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  1. NurseDirtyBird

    Professionalism in Nursing? Yes, Please!

    I think local culture should be accounted for as well. I live and work in a liberal west coast town, where tattoos and piercings are pretty much de rigueur. I work in an exclusive facility with a very affluent clientele (read "Old School"), and I have had only one single complaint regarding my tattoos, and it was barely a complaint. We ended up having an intelligent discussion about culture and counterculture, the history and significance of tattooing, and the evolution of social norms. Other than the usual questions from the curious, I've heard nothing. I may be judged by my appearance at first glance, but it doesn't matter, as my actions and words say more about me than my body art does. I'd pick tattooed competence over a clean-cut doofus anytime, and apparently so do my patients.
  2. NurseDirtyBird

    Is It Fair to Say We Hate These Things or People?

    Having strong enough feelings about your job to say you hate it is a sign of burnout. If someone feels such animosity for work, it's probably time to move on to something else.
  3. NurseDirtyBird

    Burn Nursing

    This might be a dumb question, but I've never worked acute care, or anywhere near a hospital with a burn unit. Are there usually separate peds and adult units? Are they in the same unit? Or do the kids usually get transferred to children's hospitals? Just curious.
  4. NurseDirtyBird

    Losing my religion

  5. NurseDirtyBird

    Nurses With POSSIBILITIES: Changing Our Perspective on Disability

    I like this. I'm in the process of learning my own limitations and often fail to see what's in between the limits - possibilities! Thousands of them! Sometimes I feel my limitations are keeping me boxed in, but now I realize the box isn't all that small. Thank you for the reminder.
  6. NurseDirtyBird

    The Stumblebutt Chronicles

    It's nice to know I'm not the only member of the Klutzy Nutzy Nurse's Club.
  7. NurseDirtyBird


    I've used humor as a coping mechanism my entire life. I would be far less sane if I hadn't. There is humor to be found in every part of life, and yes, sometimes it can be dark. Sometimes it can be juvenile. My philosophy has always been "Life should be laughed at as often as possible. It deserves it." Just last night I had a patient with a brand new colostomy. She loudly passed gas through the ostomy and we both jumped in surprise. She said, "HA! I never know when it's coming now, and I wouldn't have warned you even if I had!" We both had a good laugh. To clarify: I would not have laughed at all had the patient not started. That would have been unprofessional. With one little fart joke, she showed me she was trying to cope with a huge change in her body in a healthy way. She seems to have good humor about her condition, and so does her family. It made me feel like she'd be ok.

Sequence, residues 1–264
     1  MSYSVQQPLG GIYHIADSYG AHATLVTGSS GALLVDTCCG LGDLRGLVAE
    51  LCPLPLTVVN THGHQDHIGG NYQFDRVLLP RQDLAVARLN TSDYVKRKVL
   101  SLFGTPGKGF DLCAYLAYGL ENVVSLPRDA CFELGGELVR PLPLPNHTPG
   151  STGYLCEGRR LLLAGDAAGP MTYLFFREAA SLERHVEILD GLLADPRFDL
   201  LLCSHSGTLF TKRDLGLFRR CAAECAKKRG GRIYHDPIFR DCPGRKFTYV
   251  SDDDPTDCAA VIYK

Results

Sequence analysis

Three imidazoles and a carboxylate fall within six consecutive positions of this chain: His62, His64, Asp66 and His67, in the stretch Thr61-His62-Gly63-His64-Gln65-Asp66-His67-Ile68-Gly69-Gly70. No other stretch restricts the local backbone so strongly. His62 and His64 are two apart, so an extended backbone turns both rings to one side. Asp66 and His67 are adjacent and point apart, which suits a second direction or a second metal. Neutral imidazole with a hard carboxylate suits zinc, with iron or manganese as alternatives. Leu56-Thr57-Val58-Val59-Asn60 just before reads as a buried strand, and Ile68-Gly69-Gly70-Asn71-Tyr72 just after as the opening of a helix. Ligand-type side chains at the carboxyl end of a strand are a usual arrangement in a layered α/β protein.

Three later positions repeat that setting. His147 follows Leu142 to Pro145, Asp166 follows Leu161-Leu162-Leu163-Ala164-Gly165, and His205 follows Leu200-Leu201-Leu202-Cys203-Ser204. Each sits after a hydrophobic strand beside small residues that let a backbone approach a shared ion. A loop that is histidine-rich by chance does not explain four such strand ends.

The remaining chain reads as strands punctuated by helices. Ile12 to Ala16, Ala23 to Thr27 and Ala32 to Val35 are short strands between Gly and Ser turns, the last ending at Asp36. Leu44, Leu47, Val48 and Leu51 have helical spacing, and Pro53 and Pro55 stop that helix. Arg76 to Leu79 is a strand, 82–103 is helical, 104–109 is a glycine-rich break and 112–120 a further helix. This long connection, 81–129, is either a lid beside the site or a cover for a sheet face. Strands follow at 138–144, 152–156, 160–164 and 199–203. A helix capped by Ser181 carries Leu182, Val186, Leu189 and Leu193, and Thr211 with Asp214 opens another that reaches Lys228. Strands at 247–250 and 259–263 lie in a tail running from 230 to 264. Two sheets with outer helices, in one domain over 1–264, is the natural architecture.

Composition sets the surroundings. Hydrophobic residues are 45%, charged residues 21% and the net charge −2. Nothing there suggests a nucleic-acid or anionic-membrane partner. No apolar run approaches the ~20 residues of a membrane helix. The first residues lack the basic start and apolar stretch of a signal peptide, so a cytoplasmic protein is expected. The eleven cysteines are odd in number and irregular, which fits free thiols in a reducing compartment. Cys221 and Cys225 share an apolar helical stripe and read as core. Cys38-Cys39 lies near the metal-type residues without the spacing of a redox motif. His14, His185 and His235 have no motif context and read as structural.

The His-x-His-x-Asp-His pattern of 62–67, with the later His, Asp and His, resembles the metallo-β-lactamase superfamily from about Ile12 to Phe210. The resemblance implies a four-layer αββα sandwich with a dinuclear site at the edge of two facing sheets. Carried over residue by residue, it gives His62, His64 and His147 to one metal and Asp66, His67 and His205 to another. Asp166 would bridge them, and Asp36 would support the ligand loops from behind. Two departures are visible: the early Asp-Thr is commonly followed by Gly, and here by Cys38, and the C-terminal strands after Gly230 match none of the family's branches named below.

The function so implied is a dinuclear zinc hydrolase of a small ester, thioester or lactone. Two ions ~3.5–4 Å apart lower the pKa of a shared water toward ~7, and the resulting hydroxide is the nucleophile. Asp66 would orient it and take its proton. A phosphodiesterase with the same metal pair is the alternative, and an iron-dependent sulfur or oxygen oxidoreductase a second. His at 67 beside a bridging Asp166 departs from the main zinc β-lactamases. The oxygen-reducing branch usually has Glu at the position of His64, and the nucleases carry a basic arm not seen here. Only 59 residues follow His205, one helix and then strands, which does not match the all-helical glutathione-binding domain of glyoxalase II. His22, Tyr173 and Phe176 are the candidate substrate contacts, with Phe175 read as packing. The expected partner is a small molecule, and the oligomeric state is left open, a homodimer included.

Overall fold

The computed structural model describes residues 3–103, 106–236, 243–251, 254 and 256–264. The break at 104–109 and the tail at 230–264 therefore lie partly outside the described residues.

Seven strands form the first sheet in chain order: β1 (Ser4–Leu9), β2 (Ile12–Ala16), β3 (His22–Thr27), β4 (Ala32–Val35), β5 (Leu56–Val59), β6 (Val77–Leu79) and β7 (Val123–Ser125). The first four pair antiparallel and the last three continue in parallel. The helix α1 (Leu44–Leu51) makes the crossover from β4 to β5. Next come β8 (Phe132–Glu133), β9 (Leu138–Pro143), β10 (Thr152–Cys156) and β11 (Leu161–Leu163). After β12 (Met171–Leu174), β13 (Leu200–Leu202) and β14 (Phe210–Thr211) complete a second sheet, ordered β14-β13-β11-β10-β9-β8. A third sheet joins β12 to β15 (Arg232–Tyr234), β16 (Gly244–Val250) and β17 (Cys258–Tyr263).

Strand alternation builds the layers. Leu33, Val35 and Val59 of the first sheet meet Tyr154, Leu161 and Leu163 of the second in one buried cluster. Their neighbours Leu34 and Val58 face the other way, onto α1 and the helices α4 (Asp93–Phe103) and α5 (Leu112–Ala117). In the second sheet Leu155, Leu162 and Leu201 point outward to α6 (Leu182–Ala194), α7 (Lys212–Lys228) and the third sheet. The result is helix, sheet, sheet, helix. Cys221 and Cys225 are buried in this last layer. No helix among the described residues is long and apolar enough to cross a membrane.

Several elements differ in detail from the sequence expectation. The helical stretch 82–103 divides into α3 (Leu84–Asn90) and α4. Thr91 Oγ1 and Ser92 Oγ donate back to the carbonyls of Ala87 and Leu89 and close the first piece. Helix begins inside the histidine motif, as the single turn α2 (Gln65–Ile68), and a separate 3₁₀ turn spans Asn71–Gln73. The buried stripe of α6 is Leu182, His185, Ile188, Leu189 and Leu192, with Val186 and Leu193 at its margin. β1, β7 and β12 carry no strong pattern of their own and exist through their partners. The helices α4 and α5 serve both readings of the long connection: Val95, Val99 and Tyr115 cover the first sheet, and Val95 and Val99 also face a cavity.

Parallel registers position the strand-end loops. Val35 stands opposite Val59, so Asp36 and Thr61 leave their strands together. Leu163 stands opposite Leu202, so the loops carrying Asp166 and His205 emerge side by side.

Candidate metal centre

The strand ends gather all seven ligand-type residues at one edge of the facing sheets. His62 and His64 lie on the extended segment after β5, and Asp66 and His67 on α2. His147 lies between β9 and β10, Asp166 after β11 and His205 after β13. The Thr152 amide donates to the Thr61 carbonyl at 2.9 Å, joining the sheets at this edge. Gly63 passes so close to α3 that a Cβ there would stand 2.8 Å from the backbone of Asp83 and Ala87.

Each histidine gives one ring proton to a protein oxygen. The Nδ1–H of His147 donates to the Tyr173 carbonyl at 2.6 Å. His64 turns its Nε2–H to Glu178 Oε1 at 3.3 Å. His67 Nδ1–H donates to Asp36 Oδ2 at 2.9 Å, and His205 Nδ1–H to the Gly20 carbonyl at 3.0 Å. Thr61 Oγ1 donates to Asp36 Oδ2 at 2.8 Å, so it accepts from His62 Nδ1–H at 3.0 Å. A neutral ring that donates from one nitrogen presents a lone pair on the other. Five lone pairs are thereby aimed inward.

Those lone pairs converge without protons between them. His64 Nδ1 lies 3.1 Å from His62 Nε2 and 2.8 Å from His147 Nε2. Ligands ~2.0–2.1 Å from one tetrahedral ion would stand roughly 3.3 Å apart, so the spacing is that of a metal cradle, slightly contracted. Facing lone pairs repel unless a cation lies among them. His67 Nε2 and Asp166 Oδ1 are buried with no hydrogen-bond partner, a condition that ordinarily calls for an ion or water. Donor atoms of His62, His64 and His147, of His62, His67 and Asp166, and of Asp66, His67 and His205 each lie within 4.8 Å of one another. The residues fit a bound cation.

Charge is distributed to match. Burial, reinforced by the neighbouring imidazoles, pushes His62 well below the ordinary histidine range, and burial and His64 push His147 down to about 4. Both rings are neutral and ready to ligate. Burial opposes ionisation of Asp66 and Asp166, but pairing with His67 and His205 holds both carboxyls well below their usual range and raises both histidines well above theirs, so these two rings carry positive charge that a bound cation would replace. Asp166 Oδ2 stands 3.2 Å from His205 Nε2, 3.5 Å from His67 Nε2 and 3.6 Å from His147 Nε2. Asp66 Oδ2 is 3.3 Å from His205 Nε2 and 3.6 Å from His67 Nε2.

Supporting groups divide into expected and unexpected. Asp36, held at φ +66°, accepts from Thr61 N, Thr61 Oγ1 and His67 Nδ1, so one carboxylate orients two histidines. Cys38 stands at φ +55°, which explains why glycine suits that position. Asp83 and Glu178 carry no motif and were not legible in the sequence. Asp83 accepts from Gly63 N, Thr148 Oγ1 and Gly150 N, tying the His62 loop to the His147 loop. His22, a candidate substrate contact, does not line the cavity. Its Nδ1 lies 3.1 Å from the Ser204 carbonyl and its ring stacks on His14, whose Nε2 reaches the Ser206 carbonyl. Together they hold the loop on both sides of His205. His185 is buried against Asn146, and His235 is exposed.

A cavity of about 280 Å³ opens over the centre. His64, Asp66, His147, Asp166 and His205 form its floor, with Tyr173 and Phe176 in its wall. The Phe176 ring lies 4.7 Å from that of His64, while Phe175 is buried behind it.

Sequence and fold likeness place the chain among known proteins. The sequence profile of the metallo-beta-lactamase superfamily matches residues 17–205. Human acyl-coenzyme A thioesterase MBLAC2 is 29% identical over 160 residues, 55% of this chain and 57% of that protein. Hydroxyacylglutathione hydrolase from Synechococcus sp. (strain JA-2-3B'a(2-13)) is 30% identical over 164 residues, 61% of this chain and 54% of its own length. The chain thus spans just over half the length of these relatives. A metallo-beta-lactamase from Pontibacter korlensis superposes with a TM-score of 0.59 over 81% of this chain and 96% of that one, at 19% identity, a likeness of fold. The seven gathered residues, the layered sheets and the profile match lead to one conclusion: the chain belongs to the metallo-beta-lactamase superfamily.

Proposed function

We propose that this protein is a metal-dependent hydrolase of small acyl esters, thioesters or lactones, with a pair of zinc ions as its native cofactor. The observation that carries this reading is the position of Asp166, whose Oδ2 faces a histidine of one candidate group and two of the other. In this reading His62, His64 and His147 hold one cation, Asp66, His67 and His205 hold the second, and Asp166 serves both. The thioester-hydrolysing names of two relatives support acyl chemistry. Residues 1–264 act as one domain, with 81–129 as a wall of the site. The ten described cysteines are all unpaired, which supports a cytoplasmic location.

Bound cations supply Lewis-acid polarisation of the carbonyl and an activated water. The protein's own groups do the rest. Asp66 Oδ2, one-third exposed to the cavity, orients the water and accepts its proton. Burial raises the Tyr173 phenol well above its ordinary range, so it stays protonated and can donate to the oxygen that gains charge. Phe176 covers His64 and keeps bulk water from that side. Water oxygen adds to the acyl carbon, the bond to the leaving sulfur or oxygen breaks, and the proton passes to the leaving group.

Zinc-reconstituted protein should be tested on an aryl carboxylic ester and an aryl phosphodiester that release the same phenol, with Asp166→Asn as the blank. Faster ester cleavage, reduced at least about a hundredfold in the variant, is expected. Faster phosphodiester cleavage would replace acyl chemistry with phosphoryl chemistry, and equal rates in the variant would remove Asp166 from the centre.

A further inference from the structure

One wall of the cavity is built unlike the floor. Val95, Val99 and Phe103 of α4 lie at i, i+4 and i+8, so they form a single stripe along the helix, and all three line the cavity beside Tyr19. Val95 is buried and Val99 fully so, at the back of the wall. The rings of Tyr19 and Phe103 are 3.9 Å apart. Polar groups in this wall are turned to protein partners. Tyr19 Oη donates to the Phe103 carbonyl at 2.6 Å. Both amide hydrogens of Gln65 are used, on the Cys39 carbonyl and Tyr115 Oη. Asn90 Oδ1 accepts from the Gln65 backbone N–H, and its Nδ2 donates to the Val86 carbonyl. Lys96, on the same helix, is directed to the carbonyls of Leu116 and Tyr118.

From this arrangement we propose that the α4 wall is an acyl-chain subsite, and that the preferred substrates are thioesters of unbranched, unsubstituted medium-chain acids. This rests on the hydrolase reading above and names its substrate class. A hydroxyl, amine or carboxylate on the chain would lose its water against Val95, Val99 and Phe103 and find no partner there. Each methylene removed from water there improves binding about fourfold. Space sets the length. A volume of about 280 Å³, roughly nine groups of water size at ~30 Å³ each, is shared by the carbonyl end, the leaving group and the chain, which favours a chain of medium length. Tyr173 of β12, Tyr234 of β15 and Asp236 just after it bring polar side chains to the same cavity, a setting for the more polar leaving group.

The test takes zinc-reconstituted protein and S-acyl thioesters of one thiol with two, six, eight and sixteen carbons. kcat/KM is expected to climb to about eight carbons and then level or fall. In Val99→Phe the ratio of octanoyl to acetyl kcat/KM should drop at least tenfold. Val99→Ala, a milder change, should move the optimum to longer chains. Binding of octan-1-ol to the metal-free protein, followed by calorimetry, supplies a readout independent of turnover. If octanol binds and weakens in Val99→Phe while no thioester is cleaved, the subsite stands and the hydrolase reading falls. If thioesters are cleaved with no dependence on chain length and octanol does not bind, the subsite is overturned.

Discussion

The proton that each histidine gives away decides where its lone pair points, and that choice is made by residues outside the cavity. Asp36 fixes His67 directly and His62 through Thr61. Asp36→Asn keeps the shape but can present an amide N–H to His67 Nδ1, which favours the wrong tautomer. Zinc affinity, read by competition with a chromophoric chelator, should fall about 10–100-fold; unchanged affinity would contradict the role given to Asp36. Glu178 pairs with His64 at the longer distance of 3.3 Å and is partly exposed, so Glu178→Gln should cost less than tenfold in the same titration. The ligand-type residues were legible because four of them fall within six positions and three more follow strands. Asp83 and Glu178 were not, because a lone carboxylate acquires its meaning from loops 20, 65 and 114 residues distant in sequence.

8. NurseDirtyBird

    Life and Death

    "Choice vs. no choice." Hmmm. What do you do when you've tried so many medications you can't even remember them all? What do you do when talk therapy has done absolutely nothing? What do you do when everyone ignores your pain and calls you selfish? What do you do when you can't afford treatment at all and there are no public resources available to you and the only thing that happens when you're hospitalized is someone locks you in a room and watches you 24/7? Is it really any surprise that someone will want to end their life when the pain doesn't stop and they have no way of fixing it? They don't think there's any choice. It's a last resort, and a desperate one, and the suicidal patient is often aware of that.